Twelve years ago, I tore my labrum, the cartilage that lines the socket in my right hip. In recent years, a torn labrum has become a common injury in athletes and occasionally, in people who desperately run across campus for a grilled cheese sandwich on a cold winter day. But at the time, it was still a relatively new diagnosis.
Four years later, after graduating and becoming a full-fledged adult, the pain in my hip was preventing me from working out and waking me in my sleep on a regular basis. Whenever the torn piece of cartilage got caught under my femoral head, the symptoms would flare up.
I saw quite a few doctors with many different opinions and when the one suggested I had “chronic hip popping syndrome,” I almost gave up all together. But finally, I happened upon a smart doctor who ordered an arthroscopic MRI which uses contrast dye to determine if the labrum has been torn. It was and I opted for surgery. A year later, fully recovered, I wandered into a CrossFit gym and the rest is, as they say, history.
That is, until I started feeling pain in my other hip.
This time, the pain felt different but just to be certain, the doctor ordered an arthroscopic MRI. The results came back. I had not one, but two labral tears and a bone spur in my left hip. It seemed that once again, I was headed for an intense surgery and a long road of recovery.
But surgery is not always the answer and in this case, it definitely wasn’t. I did have a torn labrum, but it wasn’t what was causing me pain. According to Dr. Frank Benedetto, physical therapist and owner of Benedetto Sports Orthopedics in Elmwood Park, NJ, “Doctors often treat diagnostic results instead of symptoms. Plenty of people walk around with tears in their tendons or ligaments, but have no idea because they are asymptomatic so it’s not necessary to treat them. It’s completely possible to have an MRI result that has nothing to do with the pain the patient is experiencing. It’s important to treat the movement patterns and mechanical joint dysfunction that cause the symptoms.”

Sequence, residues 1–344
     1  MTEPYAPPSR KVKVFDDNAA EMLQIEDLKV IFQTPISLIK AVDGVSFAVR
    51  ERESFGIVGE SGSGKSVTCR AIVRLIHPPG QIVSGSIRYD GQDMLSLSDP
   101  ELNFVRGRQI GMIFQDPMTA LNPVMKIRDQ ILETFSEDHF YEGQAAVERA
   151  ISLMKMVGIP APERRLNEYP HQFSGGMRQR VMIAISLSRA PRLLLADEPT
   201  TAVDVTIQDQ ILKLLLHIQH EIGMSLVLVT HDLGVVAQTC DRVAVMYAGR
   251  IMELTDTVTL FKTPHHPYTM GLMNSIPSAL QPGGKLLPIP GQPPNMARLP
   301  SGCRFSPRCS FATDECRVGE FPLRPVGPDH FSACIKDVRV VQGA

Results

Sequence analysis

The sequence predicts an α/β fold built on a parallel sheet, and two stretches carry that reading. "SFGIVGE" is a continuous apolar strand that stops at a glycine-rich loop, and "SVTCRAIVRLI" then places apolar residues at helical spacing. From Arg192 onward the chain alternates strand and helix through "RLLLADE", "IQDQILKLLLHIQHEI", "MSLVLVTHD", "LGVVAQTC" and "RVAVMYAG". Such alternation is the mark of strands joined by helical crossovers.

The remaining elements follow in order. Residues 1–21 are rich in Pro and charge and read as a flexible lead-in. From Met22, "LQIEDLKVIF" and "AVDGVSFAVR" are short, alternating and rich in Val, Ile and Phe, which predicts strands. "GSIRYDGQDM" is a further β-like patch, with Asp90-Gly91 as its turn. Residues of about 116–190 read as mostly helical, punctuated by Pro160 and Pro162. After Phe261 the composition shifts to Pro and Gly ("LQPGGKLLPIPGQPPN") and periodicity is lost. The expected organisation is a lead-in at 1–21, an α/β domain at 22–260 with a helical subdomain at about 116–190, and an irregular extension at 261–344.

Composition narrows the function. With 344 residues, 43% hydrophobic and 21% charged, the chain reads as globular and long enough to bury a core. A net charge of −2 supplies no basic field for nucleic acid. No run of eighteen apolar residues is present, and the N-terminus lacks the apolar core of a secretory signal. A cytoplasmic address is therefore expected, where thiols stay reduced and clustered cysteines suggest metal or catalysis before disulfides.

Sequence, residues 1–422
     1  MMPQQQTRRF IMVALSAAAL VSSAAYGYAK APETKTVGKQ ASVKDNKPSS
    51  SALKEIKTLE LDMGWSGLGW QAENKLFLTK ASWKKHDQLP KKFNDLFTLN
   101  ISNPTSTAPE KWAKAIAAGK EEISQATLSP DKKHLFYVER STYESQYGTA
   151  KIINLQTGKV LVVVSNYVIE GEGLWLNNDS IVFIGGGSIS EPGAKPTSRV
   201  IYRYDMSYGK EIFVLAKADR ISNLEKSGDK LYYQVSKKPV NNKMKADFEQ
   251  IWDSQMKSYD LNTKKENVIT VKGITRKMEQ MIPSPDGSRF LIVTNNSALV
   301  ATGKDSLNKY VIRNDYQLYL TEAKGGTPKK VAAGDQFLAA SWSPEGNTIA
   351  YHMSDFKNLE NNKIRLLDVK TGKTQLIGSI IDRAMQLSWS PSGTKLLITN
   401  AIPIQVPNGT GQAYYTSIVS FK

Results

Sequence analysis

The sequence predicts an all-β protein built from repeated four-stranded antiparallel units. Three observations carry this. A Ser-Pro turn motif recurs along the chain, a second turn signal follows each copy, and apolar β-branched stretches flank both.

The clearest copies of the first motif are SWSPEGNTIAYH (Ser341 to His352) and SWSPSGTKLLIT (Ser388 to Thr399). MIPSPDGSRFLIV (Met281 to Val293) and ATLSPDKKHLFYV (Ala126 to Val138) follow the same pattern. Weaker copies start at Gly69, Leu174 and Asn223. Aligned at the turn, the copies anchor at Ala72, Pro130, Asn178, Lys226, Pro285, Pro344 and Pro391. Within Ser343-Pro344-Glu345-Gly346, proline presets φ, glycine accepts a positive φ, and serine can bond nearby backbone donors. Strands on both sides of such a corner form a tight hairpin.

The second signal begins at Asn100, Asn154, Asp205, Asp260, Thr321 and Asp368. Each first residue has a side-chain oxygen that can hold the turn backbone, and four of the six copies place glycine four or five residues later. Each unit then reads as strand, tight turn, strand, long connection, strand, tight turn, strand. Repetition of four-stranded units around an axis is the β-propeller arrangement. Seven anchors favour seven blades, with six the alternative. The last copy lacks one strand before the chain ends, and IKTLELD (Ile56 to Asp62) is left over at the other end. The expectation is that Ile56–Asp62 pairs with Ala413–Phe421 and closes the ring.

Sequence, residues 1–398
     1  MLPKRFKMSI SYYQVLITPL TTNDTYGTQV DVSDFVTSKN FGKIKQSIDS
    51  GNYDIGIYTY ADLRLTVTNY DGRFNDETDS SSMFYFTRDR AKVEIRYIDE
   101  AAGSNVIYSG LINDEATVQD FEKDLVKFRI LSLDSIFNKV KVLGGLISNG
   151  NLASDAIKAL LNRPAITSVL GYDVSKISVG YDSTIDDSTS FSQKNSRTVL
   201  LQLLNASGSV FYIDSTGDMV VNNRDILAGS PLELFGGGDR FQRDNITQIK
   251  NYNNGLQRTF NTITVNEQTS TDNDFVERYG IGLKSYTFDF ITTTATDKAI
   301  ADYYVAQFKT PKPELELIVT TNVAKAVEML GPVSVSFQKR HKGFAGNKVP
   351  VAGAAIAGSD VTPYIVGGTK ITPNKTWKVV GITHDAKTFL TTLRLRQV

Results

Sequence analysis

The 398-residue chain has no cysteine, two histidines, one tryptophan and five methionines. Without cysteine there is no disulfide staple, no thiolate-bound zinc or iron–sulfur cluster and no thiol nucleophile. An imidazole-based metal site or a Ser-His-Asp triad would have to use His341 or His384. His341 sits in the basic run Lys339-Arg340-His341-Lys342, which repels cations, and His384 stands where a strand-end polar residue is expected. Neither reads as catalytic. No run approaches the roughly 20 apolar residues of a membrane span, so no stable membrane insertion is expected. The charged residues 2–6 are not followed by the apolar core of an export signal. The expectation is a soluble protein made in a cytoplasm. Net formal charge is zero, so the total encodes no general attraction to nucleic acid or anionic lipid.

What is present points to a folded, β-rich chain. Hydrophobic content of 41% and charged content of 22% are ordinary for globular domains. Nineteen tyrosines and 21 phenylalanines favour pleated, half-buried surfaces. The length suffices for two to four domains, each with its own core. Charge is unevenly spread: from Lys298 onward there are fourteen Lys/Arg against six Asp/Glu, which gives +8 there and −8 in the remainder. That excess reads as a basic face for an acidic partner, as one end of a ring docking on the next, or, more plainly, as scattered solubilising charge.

It took some convincing, but I cancelled my appointment with the surgeon who had preformed my last surgery and decided to see if physical therapy would rid me of my discomfort. At this point, doing an air squat caused great agony and as an Olympic lifter, that was disheartening. But Dr. Benedetto was persuasive and I opted to give physical therapy a chance.
In my case, an impingement around my hip area was the true source of pain. My sacroiliac joint was out of place, my iliopsoas was angry, and my gluteal muscles were weak. Even with chiropractic adjustments, the tightness in front of my hip kept pulling the joint out of place and my gluteus and hamstring muscles were unable to help stabilize the joint. Imbalances in my body were the true culprit.
I spent about three months in physical therapy before I could return to regular training but had I done surgery that may have been closer to a year. The moral of the story is to explore all options before committing to going under the knife because there is no guarantee that surgery will improve the injury.
For more information about how to relieve hip impingements, check out our article about the different strengthening exercises and stretches to add into your workout routine.
Photo Cred: Viviana Pudhaiski of Everyday Lifters. Follow her on instagram @everday_lifters